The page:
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A Thunderstorm on the horizon.
Photo: Joe Boreland

December 4, 2001
A Captain's Report - Weather Update
  Real Audio

Log Transcript

This is Rodrigo Olson, captain of the Odyssey.

With the proximity of the summer season in the Southern Hemisphere, the weather in this part of the world has started to change. As the Inter Tropical Conversion Zone moves south, the weather becomes more unsettled, hotter and very humid. The first rain showers of the season mark the definite end of the dry months. Most notorious besides the oppressive heat, are the isolated thunderstorms occurring at the end of the day or early evening bringing torrential rain, high gusty winds and powerful electrical storms.

Besides the isolated thunderstorms, the arriving of the summer season brings the occurrence of Tropical Cyclones. These storms are characteristic of all tropical areas of the world, and in the Southern Hemisphere, the cyclone season starts the beginning of November and finishes the end of April. Tropical Cyclones are intense low-pressure systems, which in the Southern Hemisphere have well defined clockwise circulation, with mean surface winds exceeding 63 knots. They derive their energy from warm tropical oceans and do not form unless the sea surface is above 26.5 Celsius. Depending on their strength; they are classified from category 1 to 5, being category 5 the most severe and destructive (with winds over 155 knots).

The North West coast of Western Australia experiences more severe cyclones than any other part of the Australian coastline. Several cyclones form each year, but in average only 2 cross the coast. Most activity is observed from January to March. While we were still in Darwin, I took the opportunity to visit the Bureau of Meteorology to gather more information on cyclones and weather patterns off Western Australia. I was told that this season it is expected at least 1 tropical cyclone will form off the Northern Territory, and 60% chance of 2 or 3 cyclone formation. For North Western Australia it is expected an average season, with around 4 cyclones from which at least 2 might have coastal impact.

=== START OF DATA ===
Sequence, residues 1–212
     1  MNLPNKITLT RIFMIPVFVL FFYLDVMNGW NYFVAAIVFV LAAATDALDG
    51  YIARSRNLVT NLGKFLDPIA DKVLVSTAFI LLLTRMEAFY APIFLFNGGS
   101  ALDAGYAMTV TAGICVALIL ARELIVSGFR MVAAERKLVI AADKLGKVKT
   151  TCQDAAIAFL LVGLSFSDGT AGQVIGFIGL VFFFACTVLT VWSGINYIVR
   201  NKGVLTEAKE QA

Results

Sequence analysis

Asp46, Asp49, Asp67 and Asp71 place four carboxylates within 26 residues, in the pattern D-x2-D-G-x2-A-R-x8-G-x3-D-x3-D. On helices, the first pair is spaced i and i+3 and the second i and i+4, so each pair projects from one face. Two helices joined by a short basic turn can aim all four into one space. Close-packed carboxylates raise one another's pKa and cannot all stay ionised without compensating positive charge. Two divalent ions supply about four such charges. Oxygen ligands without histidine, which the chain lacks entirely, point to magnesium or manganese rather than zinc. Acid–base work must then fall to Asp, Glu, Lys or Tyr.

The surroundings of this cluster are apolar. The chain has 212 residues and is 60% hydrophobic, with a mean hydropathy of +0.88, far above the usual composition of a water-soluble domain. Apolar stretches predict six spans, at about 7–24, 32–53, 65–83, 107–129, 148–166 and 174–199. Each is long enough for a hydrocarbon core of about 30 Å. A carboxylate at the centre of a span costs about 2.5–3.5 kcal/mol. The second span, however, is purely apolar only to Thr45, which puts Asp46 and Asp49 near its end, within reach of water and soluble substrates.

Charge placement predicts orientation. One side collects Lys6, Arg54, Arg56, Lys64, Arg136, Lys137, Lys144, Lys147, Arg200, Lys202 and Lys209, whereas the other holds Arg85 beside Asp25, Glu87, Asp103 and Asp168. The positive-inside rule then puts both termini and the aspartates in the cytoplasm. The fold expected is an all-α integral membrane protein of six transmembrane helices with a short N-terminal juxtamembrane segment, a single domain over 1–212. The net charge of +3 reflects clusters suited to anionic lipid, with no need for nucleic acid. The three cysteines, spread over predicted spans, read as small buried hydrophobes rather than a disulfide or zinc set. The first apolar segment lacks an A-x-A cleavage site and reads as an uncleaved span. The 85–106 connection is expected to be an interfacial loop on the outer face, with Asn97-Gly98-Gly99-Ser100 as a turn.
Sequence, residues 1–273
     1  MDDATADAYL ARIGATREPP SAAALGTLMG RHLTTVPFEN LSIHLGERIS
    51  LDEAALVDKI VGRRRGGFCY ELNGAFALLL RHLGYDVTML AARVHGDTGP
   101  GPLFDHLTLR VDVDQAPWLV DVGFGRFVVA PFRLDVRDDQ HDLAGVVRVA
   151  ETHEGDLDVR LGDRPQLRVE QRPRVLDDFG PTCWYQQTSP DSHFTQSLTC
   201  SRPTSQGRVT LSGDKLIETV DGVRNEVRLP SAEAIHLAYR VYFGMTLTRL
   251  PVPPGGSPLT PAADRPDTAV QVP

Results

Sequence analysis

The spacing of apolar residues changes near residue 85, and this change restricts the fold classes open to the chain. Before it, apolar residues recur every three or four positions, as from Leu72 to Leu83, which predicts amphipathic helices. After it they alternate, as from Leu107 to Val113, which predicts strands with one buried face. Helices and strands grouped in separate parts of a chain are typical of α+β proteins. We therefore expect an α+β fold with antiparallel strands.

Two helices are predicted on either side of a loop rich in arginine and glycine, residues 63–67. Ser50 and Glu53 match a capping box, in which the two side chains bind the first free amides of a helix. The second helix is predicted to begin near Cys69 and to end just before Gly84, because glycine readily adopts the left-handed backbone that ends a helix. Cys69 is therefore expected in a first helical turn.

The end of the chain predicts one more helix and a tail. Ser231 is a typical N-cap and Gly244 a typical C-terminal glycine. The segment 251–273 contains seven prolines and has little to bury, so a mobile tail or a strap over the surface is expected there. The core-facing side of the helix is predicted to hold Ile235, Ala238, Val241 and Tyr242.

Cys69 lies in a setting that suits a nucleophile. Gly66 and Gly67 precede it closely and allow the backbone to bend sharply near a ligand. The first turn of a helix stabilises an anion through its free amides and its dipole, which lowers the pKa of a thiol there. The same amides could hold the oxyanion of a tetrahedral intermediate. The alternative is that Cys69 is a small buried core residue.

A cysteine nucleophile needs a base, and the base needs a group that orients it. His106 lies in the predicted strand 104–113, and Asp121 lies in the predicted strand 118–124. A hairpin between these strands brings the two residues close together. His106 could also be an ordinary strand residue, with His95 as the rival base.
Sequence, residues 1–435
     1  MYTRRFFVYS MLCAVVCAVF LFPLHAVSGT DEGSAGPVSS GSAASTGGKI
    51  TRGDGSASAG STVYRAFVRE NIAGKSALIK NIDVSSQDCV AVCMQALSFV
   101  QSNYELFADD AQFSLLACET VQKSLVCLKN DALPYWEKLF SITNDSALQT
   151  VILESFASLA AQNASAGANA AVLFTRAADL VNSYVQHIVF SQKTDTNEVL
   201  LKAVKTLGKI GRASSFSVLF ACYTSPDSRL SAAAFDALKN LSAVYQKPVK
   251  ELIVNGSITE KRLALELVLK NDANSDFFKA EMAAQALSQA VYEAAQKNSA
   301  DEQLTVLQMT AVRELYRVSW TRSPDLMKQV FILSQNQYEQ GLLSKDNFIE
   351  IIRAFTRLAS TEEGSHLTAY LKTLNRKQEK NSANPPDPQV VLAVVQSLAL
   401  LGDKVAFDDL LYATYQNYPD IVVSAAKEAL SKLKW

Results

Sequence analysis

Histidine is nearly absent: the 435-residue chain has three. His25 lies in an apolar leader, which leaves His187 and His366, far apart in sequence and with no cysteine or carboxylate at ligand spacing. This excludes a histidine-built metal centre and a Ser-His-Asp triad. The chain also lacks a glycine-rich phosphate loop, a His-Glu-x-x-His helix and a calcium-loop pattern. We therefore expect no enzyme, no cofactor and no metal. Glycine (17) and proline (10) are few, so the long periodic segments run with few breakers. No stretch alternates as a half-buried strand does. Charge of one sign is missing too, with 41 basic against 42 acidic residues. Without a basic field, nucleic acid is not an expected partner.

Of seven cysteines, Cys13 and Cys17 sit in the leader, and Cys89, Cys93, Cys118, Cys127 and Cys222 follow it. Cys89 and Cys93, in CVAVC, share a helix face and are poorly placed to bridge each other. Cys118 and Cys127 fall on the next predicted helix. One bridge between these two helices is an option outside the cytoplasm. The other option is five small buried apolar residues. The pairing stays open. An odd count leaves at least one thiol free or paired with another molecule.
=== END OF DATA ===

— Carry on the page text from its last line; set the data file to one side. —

It is also known through records that cyclones in Western Australia form in latitudes between 7' S to 15' S and move off in a WSW to SSW direction, recurving to the SE between 15'S to 20'S.They move at about 5 to 10 knots in latitudes above 20'S, 10 to 15 knots north of Shark Bay, and 25 to 45 knots south of Shark Bay. But one must remember that cyclones are also notoriously unpredictable and at times they even make loops or backtrack in direction. On the 27 of November we heard of the first tropical cyclone during our trip. Tropical Cyclone "Betsy" formed northwest from Cocos Island in the Indian Ocean, but fortunately too far to pose any threat to us. Most sailors take cyclones very seriously and would never willingly risk the encounter of these powerful storms at sea. Several years ago when I was sailing across the Pacific, we were affected by two hurricanes in French Polynesia. The first one caught us in Bora- Bora, with winds over 60 knots. The second one, much stronger and powerful, battered the island of Tahiti and us with winds exceeding 90 knots. When you experience such a natural phenomenon face to face and for several hours, you realize how small we are and how powerful Nature forces can be.

Rodrigo Olson, Captain of the R/V Odyssey.
Photo: Chris Johnson

The weather since we left has been very variable and different each day. Light winds from all directions, at times calms or overcast, and some evenings with peculiar thunderstorms. The sea, having been gentle, has allowed us to make good progress in the right direction. We have been more or less following the coast, enough offshore to avoid the numerous reefs and islands that lie off the coast. The waters in this part of the coast are not very deep as the continental shelf extends well offshore.

Along the way we have seen numerous sea snakes, some sea birds, few dolphins but no whales. North and East of Northwest cape and before Shark Bay, we hope to be picking up the Leewin current, which is a warm ocean current that flows strongly southward along the Western Australian coast. It is because of this current that the continental shelf of this part of the coast has the presence of true corals and tropical marine species. The current is stronger in autumn, winter and early spring, and slower in the summer months, with speeds between 1 to 3 knots. It runs along the 100-fathom line, and reaches past Cape Leewin where it turns east into the Great Australian Bight. Once we reach Northwest cape, the most prominent landmark of the west coast, the shore turns more due south, and after Shark Bay, even south southeast as far as Cape Leewin, where the coast turns to the east. There are about 1,200 sea miles to be covered between Darwin and Shark Bay, our first destination, which depending on weather conditions, can take us 10 to 14 days. Southwest of Shark Bay there is an area reported by our Townsend charts in which the old whalers used to hunt sperm whales. We hope to be exploring this area, as well as exploring the ruins of several dilapidated whaling stations along the coast.

We look forward to arriving in Shark Bay and to get to see more of this amazing and little populated coastline, as well as to meeting up with our legendary friends, the magnificent sperm whales.

Log by Rodrigo Olson

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